As an illustration, if your current FHA mortgage payment is $1,000 monthly, you cannot refinance unless your new FHA mortgage payment will be $950 or less. It's easier to meet this requirements when mortgage rates are low -- like they are today.
However, today's FHA-backed homeowners have a second refinance opportunity.
Because home values are rising in many U.S. markets, tens of thousands of FHA-backed homeowners now have sufficient home equity to refinance away from the FHA and into a conventional loan via Fannie Mae or Freddie Mac.
There are two reasons to consider such a move.
The first is that mortgage insurance costs on a conventional loan are often lower than for a comparable FHA-backed loan, which can save hundreds of dollars monthly.
The second reason to refinance out of an FHA loan is that, for all new FHA loans, FHA MIP is required for at least 11 years. By contrast, with a conventional loan, mortgage insurance is only required until there's 20% equity.
This makes today an ideal time to refinance away from an FHA loan. Mortgage rates are great and the long-term costs will likely be much lower.
Mortgage rates will be volatile this week. There economic release calendar is full; the Federal Open Market Committee is meeting; and, the Non-Farm Payrolls report will be released on Friday.
It will be hard to rate-shop this week, so be aware of what's ahead. Mortgage rates are expected to change multiple times per day and could swing by as much as 0.250 percentage points.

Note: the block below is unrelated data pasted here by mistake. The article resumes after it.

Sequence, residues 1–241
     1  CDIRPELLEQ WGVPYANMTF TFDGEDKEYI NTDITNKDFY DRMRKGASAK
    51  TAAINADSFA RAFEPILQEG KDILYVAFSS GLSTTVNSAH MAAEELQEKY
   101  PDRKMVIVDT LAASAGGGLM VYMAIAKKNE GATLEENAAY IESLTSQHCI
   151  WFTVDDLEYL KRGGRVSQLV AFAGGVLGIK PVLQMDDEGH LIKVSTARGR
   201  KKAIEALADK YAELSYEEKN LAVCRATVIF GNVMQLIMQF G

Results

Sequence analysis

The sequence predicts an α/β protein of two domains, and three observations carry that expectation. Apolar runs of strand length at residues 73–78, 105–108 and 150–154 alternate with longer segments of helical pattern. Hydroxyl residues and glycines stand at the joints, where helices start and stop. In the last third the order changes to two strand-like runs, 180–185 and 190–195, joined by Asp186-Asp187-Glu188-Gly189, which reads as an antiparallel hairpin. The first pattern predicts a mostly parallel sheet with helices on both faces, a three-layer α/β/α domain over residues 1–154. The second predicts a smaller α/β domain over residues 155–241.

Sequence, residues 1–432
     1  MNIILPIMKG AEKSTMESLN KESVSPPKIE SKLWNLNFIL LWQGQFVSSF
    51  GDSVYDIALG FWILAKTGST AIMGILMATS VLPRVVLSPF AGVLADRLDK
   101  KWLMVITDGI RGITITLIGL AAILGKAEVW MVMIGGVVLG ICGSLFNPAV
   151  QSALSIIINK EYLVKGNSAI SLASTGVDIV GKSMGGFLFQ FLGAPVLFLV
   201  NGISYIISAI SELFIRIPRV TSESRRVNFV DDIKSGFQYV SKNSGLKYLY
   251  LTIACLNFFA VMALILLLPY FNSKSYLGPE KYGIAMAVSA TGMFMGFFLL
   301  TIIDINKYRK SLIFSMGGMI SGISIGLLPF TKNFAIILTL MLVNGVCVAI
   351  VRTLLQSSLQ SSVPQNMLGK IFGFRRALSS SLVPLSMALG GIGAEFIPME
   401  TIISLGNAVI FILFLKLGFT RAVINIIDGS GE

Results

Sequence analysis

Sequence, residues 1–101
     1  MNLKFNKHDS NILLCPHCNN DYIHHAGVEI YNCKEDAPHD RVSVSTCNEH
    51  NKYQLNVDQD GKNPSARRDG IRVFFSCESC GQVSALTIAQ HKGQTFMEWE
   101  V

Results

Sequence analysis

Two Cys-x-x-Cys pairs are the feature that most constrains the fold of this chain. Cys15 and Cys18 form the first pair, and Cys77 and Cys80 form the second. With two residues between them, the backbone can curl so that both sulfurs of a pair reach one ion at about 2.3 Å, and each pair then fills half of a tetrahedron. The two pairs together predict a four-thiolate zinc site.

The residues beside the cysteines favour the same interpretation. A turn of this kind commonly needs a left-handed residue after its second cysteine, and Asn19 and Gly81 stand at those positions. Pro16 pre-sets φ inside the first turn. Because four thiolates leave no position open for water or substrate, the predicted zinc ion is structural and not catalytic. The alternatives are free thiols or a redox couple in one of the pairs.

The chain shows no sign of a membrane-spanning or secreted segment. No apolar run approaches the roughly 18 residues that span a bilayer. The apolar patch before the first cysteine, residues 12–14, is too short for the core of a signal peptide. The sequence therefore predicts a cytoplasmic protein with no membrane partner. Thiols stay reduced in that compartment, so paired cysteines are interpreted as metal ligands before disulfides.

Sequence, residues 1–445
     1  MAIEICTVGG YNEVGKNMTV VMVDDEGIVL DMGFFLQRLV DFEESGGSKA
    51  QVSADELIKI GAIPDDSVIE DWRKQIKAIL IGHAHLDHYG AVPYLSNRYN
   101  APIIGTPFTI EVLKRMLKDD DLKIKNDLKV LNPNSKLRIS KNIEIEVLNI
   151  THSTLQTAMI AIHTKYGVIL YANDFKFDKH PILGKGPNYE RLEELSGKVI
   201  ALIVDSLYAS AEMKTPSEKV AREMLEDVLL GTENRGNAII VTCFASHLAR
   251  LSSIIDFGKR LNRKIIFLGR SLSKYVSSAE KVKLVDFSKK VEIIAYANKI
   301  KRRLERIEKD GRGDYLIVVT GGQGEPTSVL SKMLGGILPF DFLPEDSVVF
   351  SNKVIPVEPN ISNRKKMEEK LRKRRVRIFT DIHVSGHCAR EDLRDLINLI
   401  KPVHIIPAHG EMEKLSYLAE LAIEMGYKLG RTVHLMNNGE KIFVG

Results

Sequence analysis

The week's economic calendar looks like this :
The Federal Open Market Committee will adjourn at 2:00 PM ET Wednesday and issue its customary press statement at that time. The Fed is expected to continue its tapering of its stimulus programs; and to announce that rates are expected to stay low until mid-2015, at least.
The Fed rarely delivers the precise message Wall Street expected, though. The distance from which the central banker deviates from expectations will determine how fast and by how much mortgage rates will change. Unfortunately, we can't know if mortgage rates will rise or fall.
A similar pattern is expected for Friday's job report. Therefore, be ready to lock your mortgage rate at a moment's notice. Low mortgage rates may not last.
Despite low mortgage rates, comparison shopping for the lowest mortgage rate may be difficult this week. The Federal Reserve is meeting and the Non-Farm Payrolls report is set for release. Both can affect rates dramatically. Consider shopping early in the week, and locking something in.
See today's rates now. Rates are available online for free with no social security number required to get started, and with no obligation to proceed.
The information contained on The Mortgage Reports website is for informational purposes only and is not an advertisement for products offered by Full Beaker. The views and opinions expressed herein are those of the author and do not reflect the policy or position of Full Beaker, its officers, parent, or affiliates.
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2014 Conforming & FHA Loan Limits
Mortgage loan limits for every U.S. county,
as published by Fannie Mae & Freddie Mac, and the FHA.